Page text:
Stability in the Pierced Heart of Jesus

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This lengthy entry is not entirely new, but it does contain some new autobiographical elements. I decided to share with you, dear readers, the development of my call to live under the Rule of Saint Benedict, in Eucharistic adoration, while offering spiritual support to my brother priests and deacons here in the Diocese of Tulsa.

A continuity with the earliest glimmers of my Benedictine vocation is evident to those who have learned to read events -- even when they are marked by suffering, twists, and uncertainties -- with the eyes of the heart. There is much here that I would have preferred to keep as "the secret of the King," but there are also details that may well redound to His glory and, at the same time, respond to the queries and (not always accurate) speculations of those who want to know the details of my mission as it unfolds.

The Beginning of a Friendship

How did I first come to know Marie-Adèle Garnier? (See the previous entry for details about her life.) I was introduced to her by Blessed Columba Marmion! In order to reconstruct the genesis of our “friendship” -- for one can have a friendship with the saints in heaven -- I must return to my first exposure to monastic life in 1969.

Young Men and the Books They Read

I discovered Abbot Columba Marmion’s writings when I was fifteen years old. I was visiting Saint Joseph’s Abbey in Spencer, Massachusetts. Father Marius Granato, O.C.S.O., charged at that time with helping young men -- even very young men -- seek God, put Christ, the Ideal of the Monk into my hands. He even let me take the precious green-covered volume home with me. With all the ardour of my fifteen years I devoured it. No book had ever spoken to my heart in quite the same way.

My Spiritual Father

I read and re-read Christ, the Ideal of the Monk. At fifteen one is profoundly marked by what one reads. The impressions made on a soul at that age determine the course of one’s life. As I pursued my desire to seek God, I relied on Dom Marmion. I chose him not only as my monastic patron, but also as my spiritual father, my intercessor, and my guide.

Dom Denis Huerre, O.S.B., in his biography of Père Muard, the founder of the Abbey of La-Pierre-Qui-Vire, discusses Père Muard's extraordinary spiritual kinship with Saint Margaret Mary Alacoque. (She is, in fact, the secondary patron of La-Pierre-Qui-Vire.) Dom Denis concludes that it is not we who choose the particular saints with whom we desire to cultivate a special friendship; it is, rather, these particular saints who choose us. This, I am convinced is part of God's plan for the holiness of each one.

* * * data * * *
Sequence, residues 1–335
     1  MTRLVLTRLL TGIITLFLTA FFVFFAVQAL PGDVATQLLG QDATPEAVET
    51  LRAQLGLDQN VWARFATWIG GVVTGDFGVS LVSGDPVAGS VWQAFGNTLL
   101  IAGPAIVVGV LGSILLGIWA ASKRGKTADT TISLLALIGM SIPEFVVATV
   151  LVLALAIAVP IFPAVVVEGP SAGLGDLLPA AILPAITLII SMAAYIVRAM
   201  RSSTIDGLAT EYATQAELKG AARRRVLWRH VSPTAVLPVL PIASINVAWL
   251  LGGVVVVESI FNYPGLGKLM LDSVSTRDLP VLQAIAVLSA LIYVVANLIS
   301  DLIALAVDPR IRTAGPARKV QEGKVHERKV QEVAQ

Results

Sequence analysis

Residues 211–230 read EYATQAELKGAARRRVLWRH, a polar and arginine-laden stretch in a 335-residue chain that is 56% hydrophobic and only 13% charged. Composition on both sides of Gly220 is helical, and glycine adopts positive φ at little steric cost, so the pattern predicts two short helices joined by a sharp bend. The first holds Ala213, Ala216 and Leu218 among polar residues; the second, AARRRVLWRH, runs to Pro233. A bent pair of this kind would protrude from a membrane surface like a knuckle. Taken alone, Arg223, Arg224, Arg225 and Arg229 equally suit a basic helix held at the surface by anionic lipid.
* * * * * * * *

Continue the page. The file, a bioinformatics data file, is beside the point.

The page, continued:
Spiritual Affinities

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I became an avid reader of everything written by or about Abbot Marmion. In one of these books I encountered Marie-Adèle Garnier, Mother Mary of St. Peter, the foundress of the Adorers of the Sacred Heart of Tyburn, O.S.B. The little bit I read about her was very compelling: her focus on the Sacred Heart of Jesus and on adoration of the Most Holy Eucharist, her love of the Mass and the Divine Office, and her profound attachment to the Church. We were, without any doubt, united by a certain spiritual affinity.

Dom Marmion's Letters

Blessed Marmion's Letters of Spiritual Direction, edited by Dom Raymond Thibaut under the title Union With God, contain several pages of the Abbot's correspondance with Mother Mary of St. Peter. Among other things, Dom Marmion wrote:

"The very real imperfections which you confess to me do not make me doubt the reality of the grace you receive. God is the Supreme Master, and He leaves you these weaknesses in order that you may see that these great graces do not come from you, and are not granted to you on account of your virtues, but on account of your misery. You are a member of Jesus Christ, and the Father truly gives to His Son what He gives to His weak and miserable member. Do not be astonished, do not be discouraged when you fall into a fault, but draw from the Heart of your Spouse -- for all His riches are yours -- the grace and virtue that are wanting to you."

Saint Luke Kirby and Mother St. Thomas More Wakerley

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In 1972, during my frightfully precocious initial experience of traditional Benedictine life, I wrote to the Tyburn Benedictines for the first time. (In photos from that period I am a very thin bespectacled 20 year old, looking rather like a young Pius XII in a Benedictine habit!) My purpose in writing to Tyburn was to learn more about Mother Mary of St. Peter, and also to request information on Saint Luke Kirby, one of the Tyburn martyrs whose surname I bear. I received a lovely reply written in what appeared to be a frail and trembling hand: a letter from Mother M. St. Thomas More Wakerley. Mother St. Thomas More sent me the information I had requested on Saint Luke Kirby as well as the red-covered biography of Mother Mary of St. Peter by Dom Bede Camm, O.S.B. The book was re-edited in 2006 by Saint Michael's Abbey Press.

Friends of the Sacred Heart